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Federal Consent Decree Bans Isolation at Mississippi Youth Prison

In February 2012, the Mississippi Department of Corrections (MDOC) agreed to stop housing juveniles at a privately-run prison in Leake County, Mississippi and enact multiple reforms to protect both the juveniles and the adult prisoners who will remain behind from abuse by prison employees.

The Walnut Grove Youth Correctional Facility (WGYCF) was opened in 1999. It was designed to incarcerate prisoners who are 13 to 22 years of age. Initially, it was owned by a group of private investors. They sold it to GEO Group in August 2010. In February 2012, it housed 958 prisoners.

WGYCF was designed to house juvenile prisoners who had been convicted as adults. However, conditions at the prison were so abysmal that, in November 2010, the Southern Poverty Law Center (SPLC), the National Prison Project of the American Civil Liberties Union (NPP) and Jackson civil-rights attorney Robert B. McDuff filed a class-action civil rights suit pursuant to 42 U.S.C. § 1983 in federal court alleging violations of the prisoners' constitutional rights.

The suit alleged that WGYCF employees smuggled drugs into the prison, beat prisoners, sexually assaulted prisoners, placed prisoners in isolation for lengthy periods and denied prisoners medical care and educational programs. In the consent decree, the MDOC agreed to immediately transfer prisoners under the age of 18 to a MDOC-run prison and to create and place them into a Youthful Offender Unit. Corrections Commissioner Chris Epps said that the plan is to transfer those prisoners to the Central Mississippi Correctional Facility in Rankin County as soon as possible.

The consent decree, which only applies to male prisoners 17 and under and male prisoners 18 or 19 who are housed in the YOU, bans the use of isolation on those prisoners by requiring at least four hours of daily out-of-cell activities and programming, including educational programming, for those prisoners held in single cells. Although the decree allows some used of single ceiling for disciplinary or emergency purposes, it requires extensive due process and still maintains the twenty-hour daily limit for isolation. The decree also requires additional measures to protect the prisoners from harm, including extensive documentation and videotaping of any use of force; bans the use of physical force, chemical or physical restrains, or painful positions for punishment; and requires proper medical and dental care be provided and visitation allowed.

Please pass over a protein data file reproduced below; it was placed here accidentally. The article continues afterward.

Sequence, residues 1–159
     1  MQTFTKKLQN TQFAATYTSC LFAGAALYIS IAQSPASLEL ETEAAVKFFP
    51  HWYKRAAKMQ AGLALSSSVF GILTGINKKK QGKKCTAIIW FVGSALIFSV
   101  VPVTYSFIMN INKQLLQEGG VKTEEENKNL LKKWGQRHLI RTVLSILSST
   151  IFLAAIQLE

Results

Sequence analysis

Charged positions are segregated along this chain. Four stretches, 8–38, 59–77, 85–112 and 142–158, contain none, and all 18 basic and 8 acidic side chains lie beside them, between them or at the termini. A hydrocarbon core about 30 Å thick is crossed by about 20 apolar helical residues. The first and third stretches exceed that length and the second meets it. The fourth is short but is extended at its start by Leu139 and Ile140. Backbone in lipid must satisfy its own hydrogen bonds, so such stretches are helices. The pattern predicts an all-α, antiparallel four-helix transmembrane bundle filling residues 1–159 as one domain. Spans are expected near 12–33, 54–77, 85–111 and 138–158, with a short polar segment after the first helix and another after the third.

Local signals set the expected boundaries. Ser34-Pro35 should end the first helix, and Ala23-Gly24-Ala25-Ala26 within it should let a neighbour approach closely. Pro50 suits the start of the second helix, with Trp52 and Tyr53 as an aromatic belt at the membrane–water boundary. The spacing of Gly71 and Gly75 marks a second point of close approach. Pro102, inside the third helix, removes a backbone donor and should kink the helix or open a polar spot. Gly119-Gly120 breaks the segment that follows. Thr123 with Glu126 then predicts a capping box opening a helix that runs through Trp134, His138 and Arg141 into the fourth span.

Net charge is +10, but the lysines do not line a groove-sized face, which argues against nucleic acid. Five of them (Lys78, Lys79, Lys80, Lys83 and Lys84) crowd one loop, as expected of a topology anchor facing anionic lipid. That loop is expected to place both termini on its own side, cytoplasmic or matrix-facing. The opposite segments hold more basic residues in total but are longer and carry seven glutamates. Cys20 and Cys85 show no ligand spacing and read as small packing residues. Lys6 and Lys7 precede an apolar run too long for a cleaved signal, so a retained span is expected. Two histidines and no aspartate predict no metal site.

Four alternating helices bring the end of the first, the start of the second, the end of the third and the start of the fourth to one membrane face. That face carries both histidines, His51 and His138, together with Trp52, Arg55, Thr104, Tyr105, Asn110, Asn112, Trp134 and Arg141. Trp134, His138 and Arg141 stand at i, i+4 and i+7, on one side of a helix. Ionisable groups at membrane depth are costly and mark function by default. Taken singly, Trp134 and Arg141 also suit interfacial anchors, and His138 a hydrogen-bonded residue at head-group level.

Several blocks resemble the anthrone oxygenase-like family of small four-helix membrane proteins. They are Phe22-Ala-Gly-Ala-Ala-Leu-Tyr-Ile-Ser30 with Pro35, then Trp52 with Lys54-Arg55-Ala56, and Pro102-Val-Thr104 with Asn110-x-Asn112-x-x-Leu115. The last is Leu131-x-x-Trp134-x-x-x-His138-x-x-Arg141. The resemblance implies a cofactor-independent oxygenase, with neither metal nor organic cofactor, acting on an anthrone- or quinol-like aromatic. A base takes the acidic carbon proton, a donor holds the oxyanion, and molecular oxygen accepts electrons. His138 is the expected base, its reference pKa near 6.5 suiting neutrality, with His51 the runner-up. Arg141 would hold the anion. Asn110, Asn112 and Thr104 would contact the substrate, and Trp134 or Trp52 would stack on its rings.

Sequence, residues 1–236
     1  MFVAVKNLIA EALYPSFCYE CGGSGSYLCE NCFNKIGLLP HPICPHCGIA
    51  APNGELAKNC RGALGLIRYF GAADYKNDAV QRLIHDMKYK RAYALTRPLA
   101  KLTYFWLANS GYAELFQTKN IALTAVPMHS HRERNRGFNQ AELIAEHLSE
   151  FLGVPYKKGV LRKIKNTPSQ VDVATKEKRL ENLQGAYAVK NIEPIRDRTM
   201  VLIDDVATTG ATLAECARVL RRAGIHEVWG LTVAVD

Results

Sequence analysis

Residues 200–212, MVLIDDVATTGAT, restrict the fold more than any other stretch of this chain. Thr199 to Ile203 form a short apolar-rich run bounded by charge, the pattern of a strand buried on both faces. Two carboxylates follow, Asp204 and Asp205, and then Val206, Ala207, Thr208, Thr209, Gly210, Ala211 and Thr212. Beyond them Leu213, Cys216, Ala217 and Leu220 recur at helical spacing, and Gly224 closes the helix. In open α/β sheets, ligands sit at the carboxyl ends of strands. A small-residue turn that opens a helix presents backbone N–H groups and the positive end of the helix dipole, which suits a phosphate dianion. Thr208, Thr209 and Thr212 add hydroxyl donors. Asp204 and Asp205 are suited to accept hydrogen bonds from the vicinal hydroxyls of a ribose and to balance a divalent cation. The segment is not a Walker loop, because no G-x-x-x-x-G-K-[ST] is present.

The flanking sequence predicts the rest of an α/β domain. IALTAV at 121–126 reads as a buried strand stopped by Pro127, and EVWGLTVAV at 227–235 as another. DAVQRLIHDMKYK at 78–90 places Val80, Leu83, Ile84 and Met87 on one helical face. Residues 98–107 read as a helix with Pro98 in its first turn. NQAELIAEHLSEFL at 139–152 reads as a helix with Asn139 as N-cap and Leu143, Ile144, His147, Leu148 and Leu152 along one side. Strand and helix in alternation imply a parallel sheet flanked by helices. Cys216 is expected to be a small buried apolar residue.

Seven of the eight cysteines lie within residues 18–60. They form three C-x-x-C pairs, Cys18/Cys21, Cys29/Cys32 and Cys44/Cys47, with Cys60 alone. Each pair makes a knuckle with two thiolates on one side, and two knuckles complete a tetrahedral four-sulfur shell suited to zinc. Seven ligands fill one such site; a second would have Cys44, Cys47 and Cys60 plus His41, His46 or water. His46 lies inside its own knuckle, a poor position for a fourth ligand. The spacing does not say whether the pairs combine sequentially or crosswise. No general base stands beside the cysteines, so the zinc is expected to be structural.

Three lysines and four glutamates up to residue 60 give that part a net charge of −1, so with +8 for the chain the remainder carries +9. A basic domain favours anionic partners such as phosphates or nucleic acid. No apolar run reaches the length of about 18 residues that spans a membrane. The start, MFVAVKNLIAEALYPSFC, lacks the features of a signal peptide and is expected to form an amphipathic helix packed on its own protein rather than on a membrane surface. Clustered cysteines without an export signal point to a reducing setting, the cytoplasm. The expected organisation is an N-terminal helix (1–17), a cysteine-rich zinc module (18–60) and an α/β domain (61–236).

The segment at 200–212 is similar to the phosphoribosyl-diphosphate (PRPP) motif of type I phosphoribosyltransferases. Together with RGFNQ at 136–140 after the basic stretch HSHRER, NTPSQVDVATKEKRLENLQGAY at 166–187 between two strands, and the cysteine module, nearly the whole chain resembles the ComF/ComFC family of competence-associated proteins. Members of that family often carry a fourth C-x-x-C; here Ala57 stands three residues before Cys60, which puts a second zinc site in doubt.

"This represents a sea change in the way MDOC will treat children in its custody," said Sheila Bedi, deputy legal director for SPLC. "As a result of this litigation, Mississippi's children will no longer languish in an abusive, privately-operated prison that profits each time a young man is tried as an adult and ends up behind bars."

"It's been known for a long time that prolonged solitary confinement causes terrible suffering and psychiatric breakdown even in mature, healthy adults--let alone in emotionally vulnerable children and teenagers," according to NPP associate director Margaret Winter. "Getting these kids out of the greedy hands of GEO is a big step forward, and the ban on solitary confinement in this decree is truly unprecedented."

According to the ACLU, the decree also provides some protection against physical and sexual abuse, violence, excessive use of force and prolonged isolation to the adult prisoners remaining at WGYCF. See: C.B. v. Walnut Grove Correctional Authority, U.S.D.C.-S.D.Miss., No. 3:10-cv-663.

Additional Sources: ACLU Press Release, Associated Press,

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Related legal case

C.B. v. Walnut Grove Correctional Authority